xmlStatus = XDOMAddChild( rootNode, "", map.NS, headerNode, XDOM.NODUP)
         if (xmlStatus = XML.ERROR) then
            gosub HANDLE.ERROR
      name.NODE = ":Footer:":nsPATH
      map.NS = ""
      name.NODE = "Footer"
      xmlStatus = XDOMCreateNode( rootNode, name.NODE, "", XDOM.ELEMENT.NODE, headerNode)
      if xmlStatus = XML.SUCCESS then
         xmlStatus = XDOMAddChild( rootNode, "", map.NS, headerNode, XDOM.NODUP)
         if (xmlStatus = XML.ERROR) then
            gosub HANDLE.ERROR
      XmlStatus= XDOMWrite(domHandle, recXml, XML.TO.STRING)
      if (xmlStatus # XML.ERROR) then crt recXml else crt "failed to build XML!"




Syncronization Locks

The task syncronization locks within UV are a very handy, but often not well understood, facility. It does not help that there are no metrics on their usage or collision rates, there is no system function to call to query the state of each lock and the BASIC LOCK command does not report wich process/port has the lock.

The hardest thing to come to grips with is the output from the LIST.LOCKS command that reports the current usage of the locks.

Example Output

 0:------  1:------  2:------  3:------  4:------  5:------  6:------  7:------
 8:------  9:-21709 10:------ 11:------ 12:------ 13:------ 14:------ 15:------
16:------ 17:------ 18:------ 19:------ 20:------ 21:------ 22:------ 23:------
24:------ 25:------ 26:------ 27:------ 28:13     29:------ 30:------ 31:------
32:------ 33:------ 34:------ 35:------ 36:------ 37:------ 38:------ 39:------
40:------ 41:------ 42:------ 43:------ 44:------ 45:------ 46:------ 47:------
48:------ 49:------ 50:------ 51:------ 52:------ 53:------ 54:------ 55:------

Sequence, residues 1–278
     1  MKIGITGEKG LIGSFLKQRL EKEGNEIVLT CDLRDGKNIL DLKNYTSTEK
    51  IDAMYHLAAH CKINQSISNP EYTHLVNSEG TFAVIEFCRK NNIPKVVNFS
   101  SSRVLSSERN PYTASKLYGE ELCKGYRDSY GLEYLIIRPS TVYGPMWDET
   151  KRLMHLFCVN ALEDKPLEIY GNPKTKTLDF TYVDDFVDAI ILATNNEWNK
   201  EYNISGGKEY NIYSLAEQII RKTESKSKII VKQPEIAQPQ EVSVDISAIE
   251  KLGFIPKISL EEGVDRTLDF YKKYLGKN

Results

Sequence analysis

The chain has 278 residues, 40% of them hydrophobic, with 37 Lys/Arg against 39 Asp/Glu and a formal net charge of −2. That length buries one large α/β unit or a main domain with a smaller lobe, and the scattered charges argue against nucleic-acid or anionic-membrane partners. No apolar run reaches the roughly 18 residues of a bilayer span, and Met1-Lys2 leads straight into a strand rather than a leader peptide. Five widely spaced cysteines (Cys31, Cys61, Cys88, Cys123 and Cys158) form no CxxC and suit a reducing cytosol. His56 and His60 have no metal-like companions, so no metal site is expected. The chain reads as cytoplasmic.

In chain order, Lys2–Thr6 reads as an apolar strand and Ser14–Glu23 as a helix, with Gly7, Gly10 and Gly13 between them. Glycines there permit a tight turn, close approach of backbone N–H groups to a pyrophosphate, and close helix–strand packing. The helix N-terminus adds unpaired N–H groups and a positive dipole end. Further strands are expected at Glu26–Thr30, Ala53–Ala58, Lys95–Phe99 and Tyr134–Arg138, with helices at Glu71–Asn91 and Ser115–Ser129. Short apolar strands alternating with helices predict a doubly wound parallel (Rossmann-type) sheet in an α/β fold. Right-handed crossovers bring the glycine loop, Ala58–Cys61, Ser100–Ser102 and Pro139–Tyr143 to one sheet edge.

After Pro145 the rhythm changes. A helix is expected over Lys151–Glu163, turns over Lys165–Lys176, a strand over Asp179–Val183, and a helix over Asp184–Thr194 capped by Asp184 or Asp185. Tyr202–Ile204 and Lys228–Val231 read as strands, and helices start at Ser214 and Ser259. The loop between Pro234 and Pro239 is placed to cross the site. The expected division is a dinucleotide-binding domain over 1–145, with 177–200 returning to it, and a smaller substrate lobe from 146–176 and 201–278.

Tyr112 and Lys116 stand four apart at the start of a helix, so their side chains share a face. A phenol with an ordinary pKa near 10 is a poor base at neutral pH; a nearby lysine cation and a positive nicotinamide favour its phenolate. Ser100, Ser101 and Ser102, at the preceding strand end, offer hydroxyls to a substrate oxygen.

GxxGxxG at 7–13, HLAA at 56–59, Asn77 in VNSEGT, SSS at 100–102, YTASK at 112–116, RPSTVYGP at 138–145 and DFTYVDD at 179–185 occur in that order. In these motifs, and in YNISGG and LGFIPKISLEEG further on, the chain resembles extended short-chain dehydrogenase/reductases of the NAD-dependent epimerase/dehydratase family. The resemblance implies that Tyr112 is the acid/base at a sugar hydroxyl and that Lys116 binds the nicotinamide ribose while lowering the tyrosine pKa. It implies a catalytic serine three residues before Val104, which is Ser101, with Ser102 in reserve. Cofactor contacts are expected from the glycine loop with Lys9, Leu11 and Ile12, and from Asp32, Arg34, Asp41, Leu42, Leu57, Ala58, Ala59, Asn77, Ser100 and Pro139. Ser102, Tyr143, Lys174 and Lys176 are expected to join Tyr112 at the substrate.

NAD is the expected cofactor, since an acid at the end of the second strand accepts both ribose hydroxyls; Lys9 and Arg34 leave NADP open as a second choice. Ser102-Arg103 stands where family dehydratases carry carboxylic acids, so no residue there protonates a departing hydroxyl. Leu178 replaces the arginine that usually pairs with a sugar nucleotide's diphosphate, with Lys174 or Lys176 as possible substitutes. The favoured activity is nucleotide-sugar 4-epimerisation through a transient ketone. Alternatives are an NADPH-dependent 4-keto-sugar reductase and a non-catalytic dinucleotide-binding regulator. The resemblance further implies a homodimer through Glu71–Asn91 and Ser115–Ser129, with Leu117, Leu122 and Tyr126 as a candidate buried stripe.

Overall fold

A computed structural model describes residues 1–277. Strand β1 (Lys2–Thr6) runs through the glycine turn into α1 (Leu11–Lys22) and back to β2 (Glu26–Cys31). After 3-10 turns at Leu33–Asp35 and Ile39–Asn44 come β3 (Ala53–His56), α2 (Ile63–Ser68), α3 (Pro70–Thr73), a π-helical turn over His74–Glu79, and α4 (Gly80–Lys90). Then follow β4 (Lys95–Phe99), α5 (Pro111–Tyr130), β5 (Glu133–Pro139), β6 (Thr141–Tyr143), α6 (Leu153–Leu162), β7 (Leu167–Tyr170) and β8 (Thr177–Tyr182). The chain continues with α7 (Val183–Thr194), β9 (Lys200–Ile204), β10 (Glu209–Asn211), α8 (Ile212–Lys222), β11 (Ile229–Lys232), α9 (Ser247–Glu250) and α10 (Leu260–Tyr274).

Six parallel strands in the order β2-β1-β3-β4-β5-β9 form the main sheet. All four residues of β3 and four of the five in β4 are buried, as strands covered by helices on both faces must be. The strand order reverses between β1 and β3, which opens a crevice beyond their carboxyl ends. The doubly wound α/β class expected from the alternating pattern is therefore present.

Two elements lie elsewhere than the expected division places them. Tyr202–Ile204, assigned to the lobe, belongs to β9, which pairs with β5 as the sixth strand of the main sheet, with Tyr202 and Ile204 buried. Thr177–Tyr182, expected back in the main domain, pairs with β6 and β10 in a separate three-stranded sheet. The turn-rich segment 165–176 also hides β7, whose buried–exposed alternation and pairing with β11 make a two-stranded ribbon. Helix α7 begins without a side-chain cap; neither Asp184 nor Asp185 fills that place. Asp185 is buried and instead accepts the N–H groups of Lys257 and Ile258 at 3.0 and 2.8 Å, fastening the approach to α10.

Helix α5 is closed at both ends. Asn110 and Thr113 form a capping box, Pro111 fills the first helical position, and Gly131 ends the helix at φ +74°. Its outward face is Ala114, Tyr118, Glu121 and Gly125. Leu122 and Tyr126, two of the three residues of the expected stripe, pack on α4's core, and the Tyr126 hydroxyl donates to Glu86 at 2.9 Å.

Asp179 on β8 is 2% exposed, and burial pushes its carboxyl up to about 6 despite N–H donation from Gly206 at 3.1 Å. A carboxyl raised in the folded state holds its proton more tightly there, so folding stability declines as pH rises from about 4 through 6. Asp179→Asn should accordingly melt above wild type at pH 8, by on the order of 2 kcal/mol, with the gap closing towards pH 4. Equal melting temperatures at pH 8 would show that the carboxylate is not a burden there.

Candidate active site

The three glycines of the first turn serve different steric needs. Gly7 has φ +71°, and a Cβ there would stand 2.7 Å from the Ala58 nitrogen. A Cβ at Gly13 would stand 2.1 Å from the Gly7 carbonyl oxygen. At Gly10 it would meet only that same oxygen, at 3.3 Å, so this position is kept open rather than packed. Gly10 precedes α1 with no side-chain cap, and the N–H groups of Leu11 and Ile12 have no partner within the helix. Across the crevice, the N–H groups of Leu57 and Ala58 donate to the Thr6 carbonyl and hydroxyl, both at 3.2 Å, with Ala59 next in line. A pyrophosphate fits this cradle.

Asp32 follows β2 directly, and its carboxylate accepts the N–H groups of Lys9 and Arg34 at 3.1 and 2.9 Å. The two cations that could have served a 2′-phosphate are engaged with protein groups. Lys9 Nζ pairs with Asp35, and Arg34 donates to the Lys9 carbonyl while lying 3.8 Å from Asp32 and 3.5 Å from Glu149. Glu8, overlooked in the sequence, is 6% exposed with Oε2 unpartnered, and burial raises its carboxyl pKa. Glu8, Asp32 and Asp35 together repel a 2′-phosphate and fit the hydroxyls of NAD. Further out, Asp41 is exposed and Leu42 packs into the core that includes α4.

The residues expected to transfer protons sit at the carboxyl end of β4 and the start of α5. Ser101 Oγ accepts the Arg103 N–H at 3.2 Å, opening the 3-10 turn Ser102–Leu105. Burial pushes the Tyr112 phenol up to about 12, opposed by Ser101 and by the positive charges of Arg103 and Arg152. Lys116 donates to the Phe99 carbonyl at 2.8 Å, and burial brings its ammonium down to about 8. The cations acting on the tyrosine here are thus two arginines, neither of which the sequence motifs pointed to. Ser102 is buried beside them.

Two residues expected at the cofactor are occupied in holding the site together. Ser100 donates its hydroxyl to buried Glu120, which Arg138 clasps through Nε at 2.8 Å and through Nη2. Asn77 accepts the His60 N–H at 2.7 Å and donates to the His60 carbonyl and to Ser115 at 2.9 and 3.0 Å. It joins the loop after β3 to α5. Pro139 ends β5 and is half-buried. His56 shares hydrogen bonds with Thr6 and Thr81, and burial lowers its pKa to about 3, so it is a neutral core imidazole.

56:------ 57:------ 58:------ 59:------ 60:------ 61:------ 62:------ 63:------


There are two active locks in the above report: 9 and 28, but the values next to each lock are quite different – Why?

The rules are simple

If the value next to the execution lock is…

  1. Left-justified and Positive – it represents the PORT number of the UV process that is holding the lock. Typically these will be interactive users.
    Port 13 is holding lock 28 in the above example.
  2. Right-justified and Negative – it represents the First 5 digits of the PID of the UV process that is holding the lock. Typically these will be phantom processes.
    Lock 9 is held by a process whose PID starts with 21709.
    On the majority of RedHat servers running UV, 5 digits is likely to be the full PID. On AIX, the PID can be 8 digits which makes finding the PID a little more cumbersome.

The invisible @TMP table

I have been working with UV for a few years now but I still occasionally uncover some functionality I never knew existed that is really cool and useful.

Such as the invisible @TMP table.

It is documented in the “BASIC SQL Client Interface Guide” and the “UCI Developers Guide” for those needing documentary evidence that it does exist.

The premise of it is quite simple:

  1. Create a dynamic array of data to be reported on.
  2. Assign the array to a numbered select list
  3. Use the SQL SELECT syntax to populate the @TMP table with the select list contents and produce an appropriate report/recordset.

An example always helps to understand.

The Test program:  TEST.@TMP

INFO = ''
FOR II = 1 TO 10
   ROW = II
   ROW<2> = "ROW ":II
   ROW<3> = TIME()-(II*(if mod(II,2) then -1 else 1))
   ROW<4> = CATEG[RIGHT(II,1)+1,1]

Note that each row’s data is separated by @TM instead of an @VM. This is important for the SQL interface.

Compile and run the above program.

Using the active select list…

Try this:

SELECT F1 FMT "4R" AS "Row", F2 FMT "20L" AS "Descr", F3 FMT "10R" CONV "MTS" AS "Time", F4 FMT "3L" AS "Code" FROM @TMP SLIST 9;

This produces a simple output of the contents of select list 9 in a nicely formatted result.

Row. Descr............... Time...... Code
   1 ROW 1                  10:45:54 C
   2 ROW 2                  10:45:51 B
   3 ROW 3                  10:45:56 D
   4 ROW 4                  10:45:49 A
   5 ROW 5                  10:45:58 A
   6 ROW 6                  10:45:47 D
   7 ROW 7                  10:46:00 B
   8 ROW 8                  10:45:45 C